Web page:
We like to believe that there is always a right and a wrong. It can be hard for us to acknowledge that reality is a lot murkier. To add insult to injury to those that desire a simple world, clear of conflict, we have to play to the faults of the human condition and provide a safe path for people to change their opinion. To do so, we often have to acknowledge positive elements of our opponent’s position in order to reduce their defensiveness. All the while, we need to go into such discussions with an open mind ourselves in case we should be the ones that need to review our beliefs, god forbid.
To me, keeping an open mind doesn’t just mean being open to changing our mind but also that we need to be conscious of our ability to hold two opposing statements at the same time. Something which arguably is a powerful component of our intelligence (and probably our stupidity at the same time).
Nick encourages us to foster this approach to thought. With totalitarian thought, discussing ideas from just one point of view can lead to painting ourselves a fake picture of consistency. It opens us up to a world of psychological flaws including confirmation bias. Nick says that in this “quantum reality”, we can be both for and against a proposition because we can be “considering at least two significantly possible but inconsistent hypotheses, or because we favour some parts of a set of ideas but not others”.
I find this admission of the complexity of life and philosophies comforting. It reminds me that no matter how confident we are, we should be the first to question our own point of view. When we see problems, whether at home, business or on a societal level, it can be easy to assign blame and provide our silver bullet answers. In this situation, it is a good mental practice to consider the eventuality where our solution is incorporated but fails to effect positive change. What do we think and do then? This can be a better way of reflecting as it acknowledges the complexities of life and is a practical response to those complexities.
When it comes to dealing with those that have an opposing opinion to ourselves, it can be easy to get angry and frustrated. Particularly so if they are in the realm of philosophy or politics. Our responses can include digging our feet into our own position or ignoring the debate entirely. Both tactics have a certain level of immaturity to them. We should more readily recognise that there are reasons for our opponent’s position and the more we attempt to understand them, the better we may be equipped to see their point of view, acknowledge and respond to it.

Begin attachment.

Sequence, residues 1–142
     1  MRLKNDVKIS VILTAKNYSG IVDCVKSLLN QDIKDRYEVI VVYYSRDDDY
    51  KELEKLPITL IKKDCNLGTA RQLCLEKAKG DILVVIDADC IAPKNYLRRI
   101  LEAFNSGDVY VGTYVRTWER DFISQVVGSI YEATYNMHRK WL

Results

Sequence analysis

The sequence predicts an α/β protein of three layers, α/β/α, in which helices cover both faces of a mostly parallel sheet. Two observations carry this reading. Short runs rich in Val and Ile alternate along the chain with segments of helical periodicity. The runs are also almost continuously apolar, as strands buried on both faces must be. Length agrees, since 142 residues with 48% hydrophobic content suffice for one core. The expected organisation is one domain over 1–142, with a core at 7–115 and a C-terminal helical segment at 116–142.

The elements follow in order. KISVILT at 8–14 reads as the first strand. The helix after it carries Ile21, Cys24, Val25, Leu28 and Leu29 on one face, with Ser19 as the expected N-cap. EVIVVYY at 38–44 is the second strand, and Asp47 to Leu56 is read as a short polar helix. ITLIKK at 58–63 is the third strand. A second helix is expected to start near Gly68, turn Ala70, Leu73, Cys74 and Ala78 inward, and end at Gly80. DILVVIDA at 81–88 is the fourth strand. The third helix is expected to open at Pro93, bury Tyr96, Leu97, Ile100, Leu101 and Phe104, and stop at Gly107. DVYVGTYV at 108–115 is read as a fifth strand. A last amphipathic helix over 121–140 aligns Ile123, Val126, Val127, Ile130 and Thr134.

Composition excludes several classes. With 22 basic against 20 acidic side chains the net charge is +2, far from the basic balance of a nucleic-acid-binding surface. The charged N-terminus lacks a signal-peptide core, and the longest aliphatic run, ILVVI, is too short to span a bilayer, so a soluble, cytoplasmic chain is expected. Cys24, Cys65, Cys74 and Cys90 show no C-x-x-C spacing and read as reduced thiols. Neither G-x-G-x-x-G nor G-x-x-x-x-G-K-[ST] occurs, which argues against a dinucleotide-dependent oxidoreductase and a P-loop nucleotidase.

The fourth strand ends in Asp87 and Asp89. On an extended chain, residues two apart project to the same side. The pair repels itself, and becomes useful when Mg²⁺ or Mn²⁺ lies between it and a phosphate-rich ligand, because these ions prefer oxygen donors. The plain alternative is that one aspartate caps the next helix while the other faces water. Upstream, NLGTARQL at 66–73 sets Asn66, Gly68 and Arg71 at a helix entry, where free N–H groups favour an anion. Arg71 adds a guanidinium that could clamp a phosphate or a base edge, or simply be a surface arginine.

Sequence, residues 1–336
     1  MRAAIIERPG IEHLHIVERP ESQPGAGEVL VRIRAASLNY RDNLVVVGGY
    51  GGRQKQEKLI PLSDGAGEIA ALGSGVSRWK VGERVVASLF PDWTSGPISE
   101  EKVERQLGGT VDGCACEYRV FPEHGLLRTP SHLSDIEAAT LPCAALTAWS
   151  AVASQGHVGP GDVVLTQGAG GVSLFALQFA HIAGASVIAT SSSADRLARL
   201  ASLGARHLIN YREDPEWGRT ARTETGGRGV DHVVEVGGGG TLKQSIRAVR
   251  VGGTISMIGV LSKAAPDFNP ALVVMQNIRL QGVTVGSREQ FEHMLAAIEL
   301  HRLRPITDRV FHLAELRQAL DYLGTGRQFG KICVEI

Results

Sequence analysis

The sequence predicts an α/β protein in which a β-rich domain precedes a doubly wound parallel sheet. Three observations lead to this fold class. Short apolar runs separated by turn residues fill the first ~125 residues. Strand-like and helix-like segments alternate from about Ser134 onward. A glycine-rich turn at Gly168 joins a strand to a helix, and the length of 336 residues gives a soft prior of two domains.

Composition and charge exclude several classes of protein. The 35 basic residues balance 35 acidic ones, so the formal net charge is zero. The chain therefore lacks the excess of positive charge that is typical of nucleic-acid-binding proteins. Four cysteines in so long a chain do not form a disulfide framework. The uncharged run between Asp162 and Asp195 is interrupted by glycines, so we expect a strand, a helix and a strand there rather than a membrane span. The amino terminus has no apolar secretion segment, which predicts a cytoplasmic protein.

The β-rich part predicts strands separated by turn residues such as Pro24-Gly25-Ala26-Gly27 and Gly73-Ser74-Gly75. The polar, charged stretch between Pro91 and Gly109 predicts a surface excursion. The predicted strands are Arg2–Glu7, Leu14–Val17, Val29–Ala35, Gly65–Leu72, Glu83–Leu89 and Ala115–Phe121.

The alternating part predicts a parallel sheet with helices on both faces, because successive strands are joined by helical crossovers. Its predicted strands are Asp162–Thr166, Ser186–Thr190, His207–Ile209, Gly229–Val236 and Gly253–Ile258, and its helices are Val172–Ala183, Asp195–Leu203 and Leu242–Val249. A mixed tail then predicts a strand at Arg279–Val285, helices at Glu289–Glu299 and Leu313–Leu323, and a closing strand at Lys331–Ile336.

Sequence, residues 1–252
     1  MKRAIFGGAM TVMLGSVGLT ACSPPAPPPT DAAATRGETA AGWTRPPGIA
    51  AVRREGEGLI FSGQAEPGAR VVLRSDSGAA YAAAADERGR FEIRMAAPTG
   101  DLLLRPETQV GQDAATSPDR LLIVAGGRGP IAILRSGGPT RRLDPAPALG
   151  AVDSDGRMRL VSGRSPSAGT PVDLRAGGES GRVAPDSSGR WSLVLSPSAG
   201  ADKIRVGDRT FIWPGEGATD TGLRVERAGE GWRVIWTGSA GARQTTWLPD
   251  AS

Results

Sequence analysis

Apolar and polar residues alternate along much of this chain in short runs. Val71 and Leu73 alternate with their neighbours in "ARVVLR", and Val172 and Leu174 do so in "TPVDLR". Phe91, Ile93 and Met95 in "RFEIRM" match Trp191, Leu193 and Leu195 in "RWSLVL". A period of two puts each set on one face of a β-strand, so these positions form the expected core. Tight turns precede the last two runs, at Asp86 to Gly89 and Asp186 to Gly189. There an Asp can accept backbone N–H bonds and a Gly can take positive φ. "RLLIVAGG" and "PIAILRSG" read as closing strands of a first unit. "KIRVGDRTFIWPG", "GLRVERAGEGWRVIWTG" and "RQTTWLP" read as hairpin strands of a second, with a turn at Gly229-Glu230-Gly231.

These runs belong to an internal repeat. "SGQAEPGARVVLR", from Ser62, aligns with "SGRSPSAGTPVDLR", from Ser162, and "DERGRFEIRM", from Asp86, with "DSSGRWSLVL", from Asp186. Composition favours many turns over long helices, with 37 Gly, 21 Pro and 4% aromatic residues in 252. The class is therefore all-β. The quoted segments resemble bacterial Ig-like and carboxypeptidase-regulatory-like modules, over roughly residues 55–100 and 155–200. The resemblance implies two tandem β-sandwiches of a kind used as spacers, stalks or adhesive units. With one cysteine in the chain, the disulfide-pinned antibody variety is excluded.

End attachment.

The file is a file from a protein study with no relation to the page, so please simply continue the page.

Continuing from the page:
Following on from the idea of quantum thought, we’ve also arrived at a period in which we have so much quantitative data about our world and are equipped with the algorithms and processing power to put forward a range of solutions and our confidence in the likelihood of each one. We’ve seen this period arrive through terms such as big data, artificial intelligence and deep learning. An important component of these are the probabilities and confidence scores that are involved. This is becoming more readily visible in people’s lives, e.g. weather forecasting providing the chance of rain (though we might not understand them). We have to be ready to accept less definitive answers, and instead be provided with a range of possible answers along with their likelihoods.
While this should be more satisfying because it’s a more accurate representation of our predictions, often we prefer to focus on the most likely and often most desirable outcome. If and when that outcome doesn’t occur, we then adjust our expectations in order to resolve the disparity.
One practical example of this that Nick Szabo mentioned on his interview with Tim Ferriss was a CEO making their predictions to their board. They make a confident declaration of what they are going to achieve and what targets are going to be hit in the next quarter. In reality, the CEO likely is holding multiple beliefs about what the future holds but has strong enough confidence in the likelihood that the company will meet those targets. It makes sense that a CEO of the future will not hide behind the facade and instead will be able to lay out statistical analyses of how likely they are to achieve a range of growth levels. This kind of presentation paints a much more accurate picture of what’s likely to happen.
I’ve found considering the idea of quantum thought a valuable process. It’s encouraged me to reflect on my approach to discussions, reminding me of the value in being slow to come to a decision and quick to reconsider it. One line of Nick’s in particular that I love is: “If you are unable or unwilling to think in such a quantum or scholastic manner, it is much less likely that your thoughts are worthy of others’ consideration”.